Dorset Council accepts series of recommendations made by Local Government and Social Care Ombudsman after boy with autism was left without proper education for two years by one of its predecessor authorities
Defendants behind energy tariff refund fraud sentenced to combined 13 years after Trading Standards prosecution
Case brought by National Trading Standards Regional Investigation Team (East Midlands), which is hosted by Nottinghamshire County Council, sees five individuals sentenced over energy tariff refund fraud
Borough consults on new town council ahead of unitaries for Northamptonshire
Kettering Borough Council, which is set to be abolished in April 2021 when two unitary authorities are established in Northamptonshire, consults on whether town council should be set up for town of Kettering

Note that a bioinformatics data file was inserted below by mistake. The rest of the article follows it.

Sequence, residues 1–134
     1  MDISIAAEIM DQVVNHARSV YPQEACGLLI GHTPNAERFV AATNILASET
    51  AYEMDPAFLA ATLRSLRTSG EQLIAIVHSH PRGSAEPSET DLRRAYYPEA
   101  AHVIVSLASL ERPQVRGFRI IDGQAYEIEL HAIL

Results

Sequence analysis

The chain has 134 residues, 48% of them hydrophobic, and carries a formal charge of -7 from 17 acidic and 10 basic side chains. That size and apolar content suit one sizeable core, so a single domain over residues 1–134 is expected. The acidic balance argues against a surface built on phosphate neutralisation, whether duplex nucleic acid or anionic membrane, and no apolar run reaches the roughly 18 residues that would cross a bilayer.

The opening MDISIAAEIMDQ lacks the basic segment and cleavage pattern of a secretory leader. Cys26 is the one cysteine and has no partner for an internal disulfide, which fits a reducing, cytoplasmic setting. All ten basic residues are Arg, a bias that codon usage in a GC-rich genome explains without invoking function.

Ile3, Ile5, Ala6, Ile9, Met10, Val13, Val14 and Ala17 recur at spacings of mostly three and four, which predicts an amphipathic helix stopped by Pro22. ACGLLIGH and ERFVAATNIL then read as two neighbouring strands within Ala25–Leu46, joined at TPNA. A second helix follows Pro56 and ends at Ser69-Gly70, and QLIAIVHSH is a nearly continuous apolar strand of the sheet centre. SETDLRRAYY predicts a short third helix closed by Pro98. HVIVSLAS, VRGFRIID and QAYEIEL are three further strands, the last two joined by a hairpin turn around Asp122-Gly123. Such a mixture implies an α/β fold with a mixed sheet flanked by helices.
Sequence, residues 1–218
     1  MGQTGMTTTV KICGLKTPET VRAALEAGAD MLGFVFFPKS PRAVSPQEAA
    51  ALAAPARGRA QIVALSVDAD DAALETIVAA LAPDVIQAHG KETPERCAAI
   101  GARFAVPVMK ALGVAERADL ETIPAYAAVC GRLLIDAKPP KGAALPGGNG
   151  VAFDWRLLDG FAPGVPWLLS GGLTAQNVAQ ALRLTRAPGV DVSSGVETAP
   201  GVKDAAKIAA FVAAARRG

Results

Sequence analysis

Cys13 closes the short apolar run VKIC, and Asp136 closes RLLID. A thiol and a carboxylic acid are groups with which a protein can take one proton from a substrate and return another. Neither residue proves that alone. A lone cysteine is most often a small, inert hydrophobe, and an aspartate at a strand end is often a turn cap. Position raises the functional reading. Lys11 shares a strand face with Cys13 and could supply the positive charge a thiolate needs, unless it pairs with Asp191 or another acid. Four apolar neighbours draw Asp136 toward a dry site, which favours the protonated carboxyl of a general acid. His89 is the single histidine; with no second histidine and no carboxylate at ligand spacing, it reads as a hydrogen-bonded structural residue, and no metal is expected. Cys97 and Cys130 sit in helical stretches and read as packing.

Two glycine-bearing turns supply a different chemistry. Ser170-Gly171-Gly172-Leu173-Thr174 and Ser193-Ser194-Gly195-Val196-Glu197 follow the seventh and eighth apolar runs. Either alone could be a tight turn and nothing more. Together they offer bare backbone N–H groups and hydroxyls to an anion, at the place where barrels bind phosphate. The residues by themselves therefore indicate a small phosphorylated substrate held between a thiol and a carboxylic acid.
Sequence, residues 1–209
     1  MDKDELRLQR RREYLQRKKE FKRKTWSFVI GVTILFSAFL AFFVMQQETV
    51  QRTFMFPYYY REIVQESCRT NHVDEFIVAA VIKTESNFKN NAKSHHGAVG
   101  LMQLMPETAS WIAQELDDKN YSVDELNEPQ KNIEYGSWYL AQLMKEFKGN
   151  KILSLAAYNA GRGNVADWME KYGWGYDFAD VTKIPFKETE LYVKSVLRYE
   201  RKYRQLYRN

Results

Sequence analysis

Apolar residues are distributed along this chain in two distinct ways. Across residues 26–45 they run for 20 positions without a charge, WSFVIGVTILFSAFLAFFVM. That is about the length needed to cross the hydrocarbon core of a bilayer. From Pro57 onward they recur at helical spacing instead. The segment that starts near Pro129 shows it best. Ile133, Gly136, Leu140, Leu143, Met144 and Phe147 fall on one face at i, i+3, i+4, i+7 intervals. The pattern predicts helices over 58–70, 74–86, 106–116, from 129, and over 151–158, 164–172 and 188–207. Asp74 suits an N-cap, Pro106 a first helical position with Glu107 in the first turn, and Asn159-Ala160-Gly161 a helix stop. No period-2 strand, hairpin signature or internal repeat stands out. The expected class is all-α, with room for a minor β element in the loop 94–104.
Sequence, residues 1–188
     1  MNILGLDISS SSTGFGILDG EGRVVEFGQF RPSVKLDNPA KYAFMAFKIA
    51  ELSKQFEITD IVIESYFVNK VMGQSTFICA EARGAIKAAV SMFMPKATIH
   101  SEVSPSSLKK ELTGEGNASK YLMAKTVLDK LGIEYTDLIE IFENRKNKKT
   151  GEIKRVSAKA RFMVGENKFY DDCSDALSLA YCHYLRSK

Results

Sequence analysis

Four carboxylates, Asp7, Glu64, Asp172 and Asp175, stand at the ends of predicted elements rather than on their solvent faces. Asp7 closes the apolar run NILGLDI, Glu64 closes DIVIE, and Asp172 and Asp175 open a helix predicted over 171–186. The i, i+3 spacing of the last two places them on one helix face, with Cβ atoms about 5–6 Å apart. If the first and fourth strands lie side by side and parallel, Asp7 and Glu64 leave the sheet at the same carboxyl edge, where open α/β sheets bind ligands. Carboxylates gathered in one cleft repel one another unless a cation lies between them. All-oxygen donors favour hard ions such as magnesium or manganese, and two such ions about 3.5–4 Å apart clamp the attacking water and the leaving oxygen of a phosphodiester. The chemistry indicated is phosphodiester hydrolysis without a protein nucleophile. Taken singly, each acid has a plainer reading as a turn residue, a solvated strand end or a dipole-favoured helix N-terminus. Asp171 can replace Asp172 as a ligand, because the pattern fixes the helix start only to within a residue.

Marsh returns to BDB Pitmans in boost to planning and infrastructure team
Law firm bolsters its planning, infrastructure and public law team with return of partner from Eversheds Sutherland
The Great Bundle Takeaway Debacle
On 4 April 2019 new rules came into effect for the removal of court bundles in what’s now earned the name of “The Great Bundle Takeaway Debacle.” The debate itself is notable for how little of it is focused on a digital solution...(Sponsored editorial)

Crown Commercial Service to hold engagement sessions on £400m agreement providing legal services to central government departments
Marsh returns to BDB Pitmans in boost to planning and infrastructure team